In April 2018, the UK government published its industrial strategy in respect of artificial intelligence (AI), known as the AI Sector Deal. Their key commitments are to investment in research, industry and infrastructure. This includes building on existing data infrastructure and developing ways of creating legal certainty over the sharing and use of data.
The availability of large, reliable data sets is essential in order to train and develop machine learning algorithms and the resulting AI. Existing data protection legislation places limitations on organisations ability to share data freely. Further, whilst researchers and developers are generally keen to share data more freely to obtain large sets of training data, lawyers and financial directors wince at the potential legal and commercial ramifications of this.
As part of the government’s action to develop fair, equitable and secure data sharing frameworks, the government committed itself to “identify[ing] barriers to sharing data” and the AI Sector Deal invites industry to explore the different mechanisms available to share data in a “safe, secure and equitable” manner. This article explores key considerations when sharing data with third parties, whilst focusing on data trusts which the AI Sector Deal identified as a possible solution.
What is a data trust?
There are several informal definitions of a data trust, but no legal definition.
A popular definition is the plain-English definition adopted by the Open Data Institute (ODI). They define a data trust as a legal structure that provides independent stewardship of data. If that legal structure is a trust, as a plain-English approach suggests, the data trust is an independent entity with trustees who manage the trust’s data/ data rights (its asset) in accordance with the terms of the trust deed. The trust deed will be the rule book according to which the trust run, and should identify the trust’s purpose and beneficiary/ies, in whose best interests the trustees must act.
The word “trust” implies a safe and collaborative environment in which to share data, however a legal trust is a complicated structure and considerable legal duties are placed on trustees. You should take legal advice before seeking to set up a trust or agreeing to become a trustee.
In practice, it is possible to create a less onerous contractual framework, or a joint-venture relationship, achieving the same objective of sharing, pooling and exploiting data to train algorithms and develop AI.
Key legal considerations
Whatever data-sharing structure you adopt, we have set out below some key legal considerations to address before sharing data:
- Do you know where the data comes from?
- What will be your legal basis for processing the data?
- Are you allowed to access and/or share the data?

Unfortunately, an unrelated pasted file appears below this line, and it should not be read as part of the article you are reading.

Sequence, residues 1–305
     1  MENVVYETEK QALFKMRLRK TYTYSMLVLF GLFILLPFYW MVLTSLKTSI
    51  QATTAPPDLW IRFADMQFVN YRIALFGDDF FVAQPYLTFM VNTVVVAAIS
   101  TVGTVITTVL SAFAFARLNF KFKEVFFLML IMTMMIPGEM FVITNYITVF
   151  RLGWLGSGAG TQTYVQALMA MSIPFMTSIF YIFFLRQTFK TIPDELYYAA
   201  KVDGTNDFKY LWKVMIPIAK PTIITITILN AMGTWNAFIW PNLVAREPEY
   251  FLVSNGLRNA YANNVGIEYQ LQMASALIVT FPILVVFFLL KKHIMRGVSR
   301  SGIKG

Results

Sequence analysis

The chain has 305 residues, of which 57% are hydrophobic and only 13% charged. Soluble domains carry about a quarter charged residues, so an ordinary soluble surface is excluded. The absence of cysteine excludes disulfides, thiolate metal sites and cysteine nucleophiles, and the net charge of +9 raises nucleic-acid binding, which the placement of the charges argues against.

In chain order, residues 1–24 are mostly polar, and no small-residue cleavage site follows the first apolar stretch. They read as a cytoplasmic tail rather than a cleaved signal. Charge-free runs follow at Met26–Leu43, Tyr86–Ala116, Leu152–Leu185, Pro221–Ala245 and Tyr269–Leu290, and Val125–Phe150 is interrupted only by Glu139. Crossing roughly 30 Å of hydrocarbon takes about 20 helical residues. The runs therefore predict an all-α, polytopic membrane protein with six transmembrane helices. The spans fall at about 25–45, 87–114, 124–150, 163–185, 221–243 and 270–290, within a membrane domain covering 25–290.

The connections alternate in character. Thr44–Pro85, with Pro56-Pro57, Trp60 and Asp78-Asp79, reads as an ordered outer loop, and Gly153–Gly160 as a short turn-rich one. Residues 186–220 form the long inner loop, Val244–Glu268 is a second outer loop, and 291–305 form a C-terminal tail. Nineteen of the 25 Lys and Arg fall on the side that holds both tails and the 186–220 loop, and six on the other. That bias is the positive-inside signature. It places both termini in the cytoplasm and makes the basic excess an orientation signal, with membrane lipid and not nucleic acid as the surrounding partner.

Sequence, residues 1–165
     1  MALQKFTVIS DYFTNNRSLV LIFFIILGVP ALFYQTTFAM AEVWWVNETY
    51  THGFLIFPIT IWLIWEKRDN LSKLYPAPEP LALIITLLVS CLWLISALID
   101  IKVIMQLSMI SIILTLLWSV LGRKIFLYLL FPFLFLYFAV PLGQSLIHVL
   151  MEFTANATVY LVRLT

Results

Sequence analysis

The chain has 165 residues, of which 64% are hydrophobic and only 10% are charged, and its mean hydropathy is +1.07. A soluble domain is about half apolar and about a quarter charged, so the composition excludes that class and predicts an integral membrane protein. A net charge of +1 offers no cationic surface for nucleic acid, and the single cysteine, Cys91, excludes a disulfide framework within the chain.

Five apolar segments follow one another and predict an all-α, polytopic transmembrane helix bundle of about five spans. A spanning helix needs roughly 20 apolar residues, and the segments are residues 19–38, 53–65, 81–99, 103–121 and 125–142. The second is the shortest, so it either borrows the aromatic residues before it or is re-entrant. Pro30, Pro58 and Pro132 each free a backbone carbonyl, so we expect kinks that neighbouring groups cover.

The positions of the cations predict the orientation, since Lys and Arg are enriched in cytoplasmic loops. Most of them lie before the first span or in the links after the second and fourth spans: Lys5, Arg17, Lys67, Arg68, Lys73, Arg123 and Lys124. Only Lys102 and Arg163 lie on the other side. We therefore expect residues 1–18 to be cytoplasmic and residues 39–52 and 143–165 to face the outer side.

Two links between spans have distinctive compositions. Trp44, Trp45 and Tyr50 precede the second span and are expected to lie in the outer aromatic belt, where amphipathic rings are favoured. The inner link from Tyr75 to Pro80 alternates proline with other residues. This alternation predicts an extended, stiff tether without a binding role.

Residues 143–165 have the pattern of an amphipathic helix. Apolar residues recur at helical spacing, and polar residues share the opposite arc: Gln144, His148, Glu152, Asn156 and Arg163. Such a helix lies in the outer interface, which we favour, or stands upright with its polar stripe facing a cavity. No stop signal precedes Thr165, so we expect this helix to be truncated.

- Do you have data protection policies in place, as required under the General Data Protection Regulation? Do all the parties participating in the data-sharing relationship comply with data protection legislation?
- Have data subjects (e.g. customers or users) been notified of the sharing?
- Does the new organisation need to be registered with the ICO’s Data Protection Register?
Other considerations when sharing data, ranging from the parties’ financial contributions to their representation on a new entity’s board, are important but primarily commercial and beyond the scope of this article.
Increasing attention is being given to the trustworthiness of AI, and this starts with data.
The European Commission and the Information Commissioner’s Office are turning their attention to ensuring that organisations are accountable in respect of the data they use, as well as any resulting algorithms, AI or automated decisions. Consumer organisations are also lobbying for accountability and AI rights for consumers.
Whenever your are accessing or sharing third party data, you should carry out due diligence and ensure that all parties to the data-sharing project comply with applicable data protection legislation as set out above. However, in consideration of the growing trend towards regulation of data-centric organisations, you should also consider documenting your analysis of the trustworthiness of the data you are introducing into your algorithms. Although this is not a legal requirement to date, it increasingly appears to be best practice.
Whenever you are sharing data, whether in your usual course of business with subcontractors or as part of a formal data sharing agreement, you should be clear on each party’s obligations and a written agreement should be put in place.
If you would like advice on putting a data trust in place, or any other data sharing agreement, please do not hesitate to contact our specialised IT and Data Protection teams who will be able to advise you on the most appropriate legal framework to meet your objectives.